The 19 Point Safety Checklist That Will Save Your Company Thousands (From OHS Regulations & Penalties): Part 1

The 19 Point Safety Checklist That Will Save Your Company Thousands (From OHS Regulations & Penalties): Part 1

 

The development and maintenance of an effective Occupational Health and Safety (OHS) Program is vital to preventing injuries and other accidents at your business. It’s also a key to saving your business from Occupational Health and Safety regulation penalties.

Canadian Company: Legal Cases

In 2016, one Canadian Based Company was fined $1 million after one worker died and another was critically injured by a Rock Crushing Machine while attempting to clear a jam.

In 2013, a separate company based in Canada was fined $250,000, and two of its directors received 25-day jail sentences for infractions that led to the death of a warehouse worker. And those are just a few cases.

To protect your business from workplace injuries as well as from thousands of dollars in OSHA fines, we’ve compiled a 19-point safety checklist for your company.

This checklist covers a few of the most common workplace Health and Safety topics and hazards. It’s not an extensive list, but should be used as a “General Responsibilities List” that should be modified for your specific business needs.

 

This week, we will cover the first 10 of 19 Safety Points.

The remaining 9 Points will be considered in next week’s article.

 

 

1. Written Instructions

OHS Regulation Section 3.3 (c) requires businesses to include “appropriate written instructions available for reference by all workers.”

These instructions should be posted in an easy-to-access area and should be clean and readable. The material should also be updated frequently to match any changes to your business. The procedures should list the steps to perform a task safely.

Below are some of the activities where the OHS requires written instructions:
– Lockout
– Confined Space Entry
– Fall Protection
– Personal Protective Equipment (PPE)
– Violence in the Workplace
– Emergency Evacuation

2. Floors and Walkways

Floors should be free of loose material, debris, and worn carpeting. It’s also important to have plans in place to avoid slippery, oily, or wet floors. Aisles should be clear of material and equipment and be at least one meter wide. Also, if supplies or materials are stored on the floor, they should be stacked no more than three boxes high and kept away from doors and aisles.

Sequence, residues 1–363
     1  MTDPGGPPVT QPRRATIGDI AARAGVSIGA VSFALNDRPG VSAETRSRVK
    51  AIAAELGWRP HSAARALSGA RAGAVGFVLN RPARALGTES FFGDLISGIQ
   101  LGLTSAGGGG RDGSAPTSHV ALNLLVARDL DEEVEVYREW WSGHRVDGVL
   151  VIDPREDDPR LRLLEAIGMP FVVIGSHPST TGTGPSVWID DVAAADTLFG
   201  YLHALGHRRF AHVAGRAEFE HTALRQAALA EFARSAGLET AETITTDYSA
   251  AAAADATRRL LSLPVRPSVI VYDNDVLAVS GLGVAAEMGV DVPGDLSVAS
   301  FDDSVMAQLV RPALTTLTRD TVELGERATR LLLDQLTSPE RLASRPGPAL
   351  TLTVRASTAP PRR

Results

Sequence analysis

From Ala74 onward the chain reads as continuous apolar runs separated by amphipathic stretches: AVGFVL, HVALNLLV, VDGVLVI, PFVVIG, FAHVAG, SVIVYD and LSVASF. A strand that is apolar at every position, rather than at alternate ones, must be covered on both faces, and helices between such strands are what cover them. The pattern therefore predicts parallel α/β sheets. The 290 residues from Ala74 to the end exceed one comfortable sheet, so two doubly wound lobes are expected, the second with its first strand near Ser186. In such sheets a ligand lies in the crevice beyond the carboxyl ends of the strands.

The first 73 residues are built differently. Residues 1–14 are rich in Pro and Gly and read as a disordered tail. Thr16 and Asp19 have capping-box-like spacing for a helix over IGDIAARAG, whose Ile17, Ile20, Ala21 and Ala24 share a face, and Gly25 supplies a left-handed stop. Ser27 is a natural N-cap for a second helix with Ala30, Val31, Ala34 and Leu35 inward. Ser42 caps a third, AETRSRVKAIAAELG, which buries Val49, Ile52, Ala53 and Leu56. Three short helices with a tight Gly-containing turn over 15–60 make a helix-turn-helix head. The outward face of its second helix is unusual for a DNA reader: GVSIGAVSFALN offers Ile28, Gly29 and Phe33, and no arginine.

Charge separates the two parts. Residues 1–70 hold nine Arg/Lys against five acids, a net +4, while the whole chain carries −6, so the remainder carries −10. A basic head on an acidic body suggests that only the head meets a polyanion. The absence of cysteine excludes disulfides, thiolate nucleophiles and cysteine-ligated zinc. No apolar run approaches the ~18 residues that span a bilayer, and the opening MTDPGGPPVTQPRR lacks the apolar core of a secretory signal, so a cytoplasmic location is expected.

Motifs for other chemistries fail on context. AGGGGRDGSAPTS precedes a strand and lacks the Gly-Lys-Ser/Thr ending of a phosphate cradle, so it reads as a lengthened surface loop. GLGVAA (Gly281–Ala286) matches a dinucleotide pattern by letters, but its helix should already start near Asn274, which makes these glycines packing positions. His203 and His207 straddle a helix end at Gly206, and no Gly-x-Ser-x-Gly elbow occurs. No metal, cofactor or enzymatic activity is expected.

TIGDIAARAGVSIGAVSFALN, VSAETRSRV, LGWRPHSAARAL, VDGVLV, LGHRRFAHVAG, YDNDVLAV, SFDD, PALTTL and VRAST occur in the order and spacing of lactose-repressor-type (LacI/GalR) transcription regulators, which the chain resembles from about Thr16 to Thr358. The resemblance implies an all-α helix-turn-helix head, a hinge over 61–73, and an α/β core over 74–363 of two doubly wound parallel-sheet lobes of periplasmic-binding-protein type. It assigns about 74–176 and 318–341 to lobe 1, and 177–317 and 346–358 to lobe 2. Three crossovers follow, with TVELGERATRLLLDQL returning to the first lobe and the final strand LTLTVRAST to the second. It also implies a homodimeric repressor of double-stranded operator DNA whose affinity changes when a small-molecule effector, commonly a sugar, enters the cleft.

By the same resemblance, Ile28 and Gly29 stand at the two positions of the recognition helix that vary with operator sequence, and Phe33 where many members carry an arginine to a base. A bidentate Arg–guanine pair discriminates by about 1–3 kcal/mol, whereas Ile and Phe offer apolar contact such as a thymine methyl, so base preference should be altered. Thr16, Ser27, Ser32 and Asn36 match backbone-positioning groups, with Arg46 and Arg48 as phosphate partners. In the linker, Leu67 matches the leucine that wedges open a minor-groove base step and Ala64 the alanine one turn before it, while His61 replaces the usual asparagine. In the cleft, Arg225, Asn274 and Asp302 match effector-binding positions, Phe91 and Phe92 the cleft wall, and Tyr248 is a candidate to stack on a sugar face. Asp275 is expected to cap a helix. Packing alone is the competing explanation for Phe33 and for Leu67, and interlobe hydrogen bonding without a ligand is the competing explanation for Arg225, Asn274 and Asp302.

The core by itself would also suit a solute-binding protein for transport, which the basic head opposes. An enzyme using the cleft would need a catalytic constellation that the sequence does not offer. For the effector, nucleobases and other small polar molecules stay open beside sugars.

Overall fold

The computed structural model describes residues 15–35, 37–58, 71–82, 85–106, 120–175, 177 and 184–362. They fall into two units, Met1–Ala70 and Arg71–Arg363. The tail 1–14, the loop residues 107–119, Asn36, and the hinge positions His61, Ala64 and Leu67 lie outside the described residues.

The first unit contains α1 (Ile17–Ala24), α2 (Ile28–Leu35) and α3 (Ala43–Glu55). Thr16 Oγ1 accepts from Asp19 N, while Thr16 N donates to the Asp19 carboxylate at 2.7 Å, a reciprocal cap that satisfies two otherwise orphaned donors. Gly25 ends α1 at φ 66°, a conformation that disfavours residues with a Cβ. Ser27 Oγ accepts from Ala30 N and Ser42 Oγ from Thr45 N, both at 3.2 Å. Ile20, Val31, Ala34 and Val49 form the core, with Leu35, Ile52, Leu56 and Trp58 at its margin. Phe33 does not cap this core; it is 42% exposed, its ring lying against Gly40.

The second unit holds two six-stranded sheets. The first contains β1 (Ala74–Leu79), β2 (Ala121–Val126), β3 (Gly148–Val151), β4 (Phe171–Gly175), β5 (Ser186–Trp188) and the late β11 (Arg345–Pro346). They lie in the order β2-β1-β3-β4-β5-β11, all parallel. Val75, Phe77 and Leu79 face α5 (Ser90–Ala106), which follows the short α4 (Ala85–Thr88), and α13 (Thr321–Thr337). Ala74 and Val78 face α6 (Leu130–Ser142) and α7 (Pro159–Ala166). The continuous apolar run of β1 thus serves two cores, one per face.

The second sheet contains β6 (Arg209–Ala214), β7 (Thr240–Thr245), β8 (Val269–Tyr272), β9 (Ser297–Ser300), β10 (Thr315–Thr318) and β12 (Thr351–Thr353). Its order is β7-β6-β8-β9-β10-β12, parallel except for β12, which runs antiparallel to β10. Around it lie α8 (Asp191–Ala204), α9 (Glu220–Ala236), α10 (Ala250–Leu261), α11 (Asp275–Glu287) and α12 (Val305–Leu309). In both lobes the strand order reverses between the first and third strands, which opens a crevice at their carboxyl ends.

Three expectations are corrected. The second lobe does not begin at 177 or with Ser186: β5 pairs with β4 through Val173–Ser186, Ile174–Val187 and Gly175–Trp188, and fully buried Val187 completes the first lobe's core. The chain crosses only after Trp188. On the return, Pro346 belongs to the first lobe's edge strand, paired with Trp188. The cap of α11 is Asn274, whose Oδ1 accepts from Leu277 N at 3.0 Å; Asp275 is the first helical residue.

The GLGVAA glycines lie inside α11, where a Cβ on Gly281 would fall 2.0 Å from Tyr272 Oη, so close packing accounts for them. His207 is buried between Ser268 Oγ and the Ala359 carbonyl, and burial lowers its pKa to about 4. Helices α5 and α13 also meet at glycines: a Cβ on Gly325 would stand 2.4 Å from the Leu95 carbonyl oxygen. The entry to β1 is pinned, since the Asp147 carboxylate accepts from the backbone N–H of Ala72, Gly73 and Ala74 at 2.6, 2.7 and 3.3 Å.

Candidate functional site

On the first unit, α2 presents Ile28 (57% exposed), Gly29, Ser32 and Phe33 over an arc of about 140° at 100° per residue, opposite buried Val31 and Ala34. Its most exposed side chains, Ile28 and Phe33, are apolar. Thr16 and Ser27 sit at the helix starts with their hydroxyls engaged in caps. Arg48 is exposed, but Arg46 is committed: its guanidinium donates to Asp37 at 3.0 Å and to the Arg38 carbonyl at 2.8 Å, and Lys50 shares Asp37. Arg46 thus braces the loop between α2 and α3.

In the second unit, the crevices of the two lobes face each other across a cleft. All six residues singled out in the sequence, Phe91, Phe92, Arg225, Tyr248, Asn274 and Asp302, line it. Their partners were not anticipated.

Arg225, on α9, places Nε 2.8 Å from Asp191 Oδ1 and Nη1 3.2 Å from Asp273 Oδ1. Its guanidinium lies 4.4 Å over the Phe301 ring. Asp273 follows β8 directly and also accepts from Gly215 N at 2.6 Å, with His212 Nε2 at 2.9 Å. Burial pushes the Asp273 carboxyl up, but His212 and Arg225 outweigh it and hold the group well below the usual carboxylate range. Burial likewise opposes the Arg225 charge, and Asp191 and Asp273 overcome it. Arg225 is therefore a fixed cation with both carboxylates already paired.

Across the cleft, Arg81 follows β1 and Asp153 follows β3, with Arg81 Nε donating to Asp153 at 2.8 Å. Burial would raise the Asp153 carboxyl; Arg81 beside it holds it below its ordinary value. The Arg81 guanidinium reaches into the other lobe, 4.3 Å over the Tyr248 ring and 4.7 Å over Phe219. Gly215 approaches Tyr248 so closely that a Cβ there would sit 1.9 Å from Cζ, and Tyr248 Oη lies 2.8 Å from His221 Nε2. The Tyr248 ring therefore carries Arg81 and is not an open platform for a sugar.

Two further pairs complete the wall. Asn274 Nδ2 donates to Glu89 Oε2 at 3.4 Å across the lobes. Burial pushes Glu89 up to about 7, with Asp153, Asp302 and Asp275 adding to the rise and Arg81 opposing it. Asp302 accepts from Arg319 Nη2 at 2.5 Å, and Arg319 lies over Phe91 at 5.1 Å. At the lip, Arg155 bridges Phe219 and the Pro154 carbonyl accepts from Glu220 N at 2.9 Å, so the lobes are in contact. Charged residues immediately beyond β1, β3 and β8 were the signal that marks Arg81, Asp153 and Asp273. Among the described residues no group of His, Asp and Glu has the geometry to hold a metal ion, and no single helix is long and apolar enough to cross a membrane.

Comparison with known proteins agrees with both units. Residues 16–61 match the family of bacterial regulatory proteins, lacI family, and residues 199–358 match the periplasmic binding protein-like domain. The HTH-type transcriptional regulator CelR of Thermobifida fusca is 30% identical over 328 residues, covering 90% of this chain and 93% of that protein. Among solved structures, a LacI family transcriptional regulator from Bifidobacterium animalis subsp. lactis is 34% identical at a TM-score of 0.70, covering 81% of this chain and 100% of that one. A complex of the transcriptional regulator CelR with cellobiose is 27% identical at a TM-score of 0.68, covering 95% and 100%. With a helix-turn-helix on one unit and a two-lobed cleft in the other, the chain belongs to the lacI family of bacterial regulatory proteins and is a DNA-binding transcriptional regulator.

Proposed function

3. Fire Safety and Security

OHS Regulations part 31 deals with Fire Safety. All fire extinguishers should be clearly marked and properly installed. Fire extinguishers need to have been inspected in the last year with workers trained to use them.

Flammable liquids should be properly stored with appropriate smoke, fire, and burglar alarms in place. Emergency phone numbers should be placed close to phones, and if space heaters are used, they should be set to shut off automatically if tipped over.

4. Stairs, Ladders, and Platforms

Part 13 of the OHS Regulations states that ladders must be in safe and good condition with anti-slip treads. Stair handrails should be securely fastened to the wall and maintained. Stairwells should also be kept clear of materials and equipment.

5. Lighting

Lighting levels must be adequate for work areas including being free of glare or excessive lighting contrast as described in Sections 4.64 – 4.69. Task lighting should be provided in areas of low light or high glare. If windows are present, they should be covered with blinds, drapes or other means of controlling the light. Emergency lighting should also be checked for functionality.

6. Storage

Supplies and materials should be stored properly on shelves to minimize lifting problems, explains OHS Section 4.43. For heavy items, trolleys or dollies should be available, which means floors around shelves should be clear of rubbish.

7. Electrical

Electrical cords should be in good repair and secured to avoid tripping or electrical hazards, state Section 19. Clear access should be available to electrical panels and switch gear, and if required, ground fault circuit interrupters should be available. Plugs, sockets, and switches should be in good condition, and proper plugs should be used.

Workers who interact with electrical circuits and connections must be adequately trained, and all energized equipment must be labeled as dangerous.

8. Equipment and Machinery

According to Section 12, equipment and machinery should be kept clean and regularly maintained. Start and stop switches should be clearly marked and within easy reach with operators properly trained. Machinery should also be adequately guarded with a lockout procedure in place.

Within the space that contains the equipment, noise levels, fumes, and exhaust should be controlled.

9. Entrances and Exits

All emergency exit signs should be checked to ensure they are working and those exits should be clear of materials and equipment. The key is to provide safe access for workers and customers.

10. First Aid

According to OHS Code Part 1, an adequate and complete First Aid Kit should be accessible and clearly labeled. It should be kept clean and dry, with emergency numbers clearly displayed. A first aid responder should also be designated by the employer to provide first aid to workers at the work site.

To come up with a checklist specific to your business needs, contact us about our Training Services.

TriTech Safety & Training Inc, located in Grande Prairie is in the best position to keep you up to date with OHS Regulations and Safety Standards. Let us help you to prevent Avoidable Fines & Penalties. For more information go to https://tritechsafety.ca/courses/

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